It is SCREAMING for a box or cutting board design ! :o)

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Forum topic by roer posted 10-31-2014 08:17 PM 985 views 1 time favorited 9 replies Add to Favorites Watch
View roer's profile


59 posts in 2656 days

10-31-2014 08:17 PM

Topic tags/keywords: arts and crafts modern question


I am a long time admire of the many skilled woodworker on this site, and have copied many of the ideas and designs through the years – thank you !

The other day I came across the attached pattern – it is almost screaming for a box or cutting board design ! I can however not get my head around how to make it without way to much scrap wood. I therefore thought that ít might be a worthy challenge for people of your caliber :o)

Have fun !

Kind regards

9 replies so far

View SASmith               's profile


1850 posts in 2404 days

#1 posted 10-31-2014 08:36 PM

I have a very similar pattern hanging on my shop wall to be made into an endgrain cuttingboard.
I just haven’t had the time…yet.

-- Scott Smith, Southern Illinois

View SPalm's profile


5249 posts in 3299 days

#2 posted 10-31-2014 09:10 PM

Quite the design.
That would require a very good miter gauge and a bit of time. First you have to build two glue upped boards of the reducing strips mirror image of each other. Then start mitering away, change the angle by 6 degrees every cut, and hope it all goes well. Of course then there is the glue up …....

And yes it could produce a bit of waster wood too.


-- -- I'm no rocket surgeon

View SASmith               's profile


1850 posts in 2404 days

#3 posted 10-31-2014 09:17 PM

I was thinking of the stacked cut technique.

-- Scott Smith, Southern Illinois

View jmartel's profile


6461 posts in 1567 days

#4 posted 10-31-2014 09:35 PM

To me, that looks like it would be easiest with veneer. Do a bit of geometry to figure out the cut angles, and then trim everything up square at the end.

-- The quality of one's woodworking is directly related to the amount of flannel worn.

View roer's profile


59 posts in 2656 days

#5 posted 11-01-2014 07:07 PM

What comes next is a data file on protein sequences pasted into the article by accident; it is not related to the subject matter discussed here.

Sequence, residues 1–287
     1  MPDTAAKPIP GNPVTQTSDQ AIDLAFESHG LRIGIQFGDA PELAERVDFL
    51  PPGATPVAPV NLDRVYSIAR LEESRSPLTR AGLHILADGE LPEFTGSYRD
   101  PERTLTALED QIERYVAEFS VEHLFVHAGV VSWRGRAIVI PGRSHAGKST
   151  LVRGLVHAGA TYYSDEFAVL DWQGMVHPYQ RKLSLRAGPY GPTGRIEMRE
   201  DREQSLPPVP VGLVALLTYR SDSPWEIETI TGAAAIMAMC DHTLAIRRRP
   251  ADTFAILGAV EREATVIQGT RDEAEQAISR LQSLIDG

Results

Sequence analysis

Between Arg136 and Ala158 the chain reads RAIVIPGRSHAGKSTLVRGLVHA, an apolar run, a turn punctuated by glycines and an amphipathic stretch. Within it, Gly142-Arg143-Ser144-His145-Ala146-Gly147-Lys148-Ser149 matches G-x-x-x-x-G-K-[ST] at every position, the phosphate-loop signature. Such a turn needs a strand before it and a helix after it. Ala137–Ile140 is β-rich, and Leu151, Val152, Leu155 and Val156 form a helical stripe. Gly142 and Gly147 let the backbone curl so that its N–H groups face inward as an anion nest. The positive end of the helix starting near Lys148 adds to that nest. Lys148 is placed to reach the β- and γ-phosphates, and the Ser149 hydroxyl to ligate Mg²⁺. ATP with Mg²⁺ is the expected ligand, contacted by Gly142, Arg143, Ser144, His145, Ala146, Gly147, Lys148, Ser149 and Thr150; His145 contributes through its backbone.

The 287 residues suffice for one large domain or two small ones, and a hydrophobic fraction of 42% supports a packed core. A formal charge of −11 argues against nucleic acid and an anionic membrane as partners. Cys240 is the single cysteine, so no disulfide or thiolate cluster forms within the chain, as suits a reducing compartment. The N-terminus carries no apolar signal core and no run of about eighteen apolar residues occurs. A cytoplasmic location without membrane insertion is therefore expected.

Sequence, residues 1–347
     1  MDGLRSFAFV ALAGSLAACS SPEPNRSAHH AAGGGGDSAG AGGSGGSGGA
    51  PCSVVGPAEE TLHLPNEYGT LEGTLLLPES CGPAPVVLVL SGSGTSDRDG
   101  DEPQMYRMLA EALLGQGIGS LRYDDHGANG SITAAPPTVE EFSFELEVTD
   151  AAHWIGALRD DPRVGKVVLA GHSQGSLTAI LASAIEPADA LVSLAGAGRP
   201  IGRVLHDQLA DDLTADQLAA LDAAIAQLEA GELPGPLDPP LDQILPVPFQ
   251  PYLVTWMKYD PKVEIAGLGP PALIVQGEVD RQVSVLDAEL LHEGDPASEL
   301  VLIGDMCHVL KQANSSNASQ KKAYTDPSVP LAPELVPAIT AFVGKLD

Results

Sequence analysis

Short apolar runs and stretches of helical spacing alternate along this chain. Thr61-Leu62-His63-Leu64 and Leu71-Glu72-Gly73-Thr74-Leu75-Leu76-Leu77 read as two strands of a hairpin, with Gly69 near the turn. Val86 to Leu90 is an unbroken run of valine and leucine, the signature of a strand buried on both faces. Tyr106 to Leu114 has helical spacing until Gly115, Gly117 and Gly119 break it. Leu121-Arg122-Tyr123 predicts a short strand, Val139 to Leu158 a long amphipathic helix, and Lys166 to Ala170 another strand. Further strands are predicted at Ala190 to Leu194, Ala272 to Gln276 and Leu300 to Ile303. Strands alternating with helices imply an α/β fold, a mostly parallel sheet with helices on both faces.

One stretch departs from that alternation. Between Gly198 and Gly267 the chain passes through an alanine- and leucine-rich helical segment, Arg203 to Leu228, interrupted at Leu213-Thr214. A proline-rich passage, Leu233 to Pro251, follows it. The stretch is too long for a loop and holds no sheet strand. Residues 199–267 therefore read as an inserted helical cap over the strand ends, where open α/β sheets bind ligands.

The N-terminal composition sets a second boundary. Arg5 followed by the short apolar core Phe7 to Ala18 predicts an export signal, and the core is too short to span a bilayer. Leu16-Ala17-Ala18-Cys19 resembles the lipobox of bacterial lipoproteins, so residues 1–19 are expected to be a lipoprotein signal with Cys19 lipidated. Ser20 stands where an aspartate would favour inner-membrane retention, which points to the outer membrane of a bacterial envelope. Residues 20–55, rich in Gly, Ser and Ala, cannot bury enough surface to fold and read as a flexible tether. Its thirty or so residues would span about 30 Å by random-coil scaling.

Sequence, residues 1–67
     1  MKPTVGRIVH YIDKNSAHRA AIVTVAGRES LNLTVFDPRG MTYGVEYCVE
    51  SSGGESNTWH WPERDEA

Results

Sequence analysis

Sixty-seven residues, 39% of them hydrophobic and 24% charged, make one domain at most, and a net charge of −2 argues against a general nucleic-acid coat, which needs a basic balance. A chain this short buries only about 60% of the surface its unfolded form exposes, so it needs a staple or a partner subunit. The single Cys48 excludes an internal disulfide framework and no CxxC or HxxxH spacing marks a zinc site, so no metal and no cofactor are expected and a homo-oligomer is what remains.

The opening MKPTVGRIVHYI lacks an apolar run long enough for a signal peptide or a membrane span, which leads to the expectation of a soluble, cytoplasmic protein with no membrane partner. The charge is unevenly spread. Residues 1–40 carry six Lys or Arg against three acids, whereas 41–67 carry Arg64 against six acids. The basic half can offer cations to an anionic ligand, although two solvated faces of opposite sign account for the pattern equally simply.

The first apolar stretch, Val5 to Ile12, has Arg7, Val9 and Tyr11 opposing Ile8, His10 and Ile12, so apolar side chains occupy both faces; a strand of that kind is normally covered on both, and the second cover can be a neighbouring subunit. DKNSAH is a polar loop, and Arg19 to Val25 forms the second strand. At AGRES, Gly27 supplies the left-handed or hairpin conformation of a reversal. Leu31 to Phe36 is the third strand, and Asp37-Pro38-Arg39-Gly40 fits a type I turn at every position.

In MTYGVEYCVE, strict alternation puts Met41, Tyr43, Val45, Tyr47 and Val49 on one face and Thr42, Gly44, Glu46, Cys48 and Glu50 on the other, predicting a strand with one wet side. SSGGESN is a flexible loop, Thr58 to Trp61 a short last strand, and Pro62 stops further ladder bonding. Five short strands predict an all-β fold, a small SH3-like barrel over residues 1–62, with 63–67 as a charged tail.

Stacked cuts will make the miter cuts more difficult I am afraid

View JAAune's profile


1614 posts in 1734 days

#6 posted 11-01-2014 10:18 PM

Yes, that would be relatively easy with veneer. It would be a tedious undertaking though.

The square in the middle eliminates the need for perfect points which is the hardest part about that kind of veneer work.

I suspect one could glue up the stripes like Steve suggested only using veneers. Then a cutting guide attached to a pivot point would be placed over the assembly and cuts made with the fence being rotated the appropriate amount with each cut. This would be done to four assemblies then the pieces would get taped together and joined at the corners with 45 degree miters.

Of course if I wanted to sell the item I’d just send it to the laser and eliminate all the jig building and cutting work.

-- See my work at and

View waho6o9's profile


7114 posts in 1994 days

#7 posted 11-01-2014 11:31 PM

View roer's profile


59 posts in 2656 days

#8 posted 11-02-2014 01:20 PM

Not quite – he is only working with straight cuts. No miters

I have given the “stack cuts” idea another thought – think that it is the solution. You will have to make two boards at the time, but you eliminate the need for perfect miters

Thank you SASmith :o)

View BritBoxmaker's profile


4607 posts in 2453 days

#9 posted 11-02-2014 02:56 PM

I concur with what Steve (Spalm) said.

In addition to keep wood waste to a minimum use the thinnest blade you can get hold of. I generally use one which is 1.7 mm thick whilst most are commonly 3 mm thick.

Also, again to minimise waste, you might like to try this. Before cutting the strips cut your hardwood boards at 45 degress, centrally. Turn the left one around by 180 degrees. Do the same to a scrap piece of timber (same size as hardwood board) and glue the two halves to each of the hardwood halves. Then cut your strips. You obviously need to do this for both hardwood types. This provides enough material for one half of the pattern only and so has to be repeated.

Cut the strips (horizontally relative to the diagram).

Then make up blanks from alternate strips of dark and light.

Then do the angle cuts.

In calculating the size for each rhombus you have to account for the waste of all of the angles cuts as well as the pieces you cut from the alternate striped blank.

The pattern also puts me in mind of this project

Similar but obviously not as complex.

-- Martyn -- Boxologist, Pattern Juggler and Candyman of the visually challenging.

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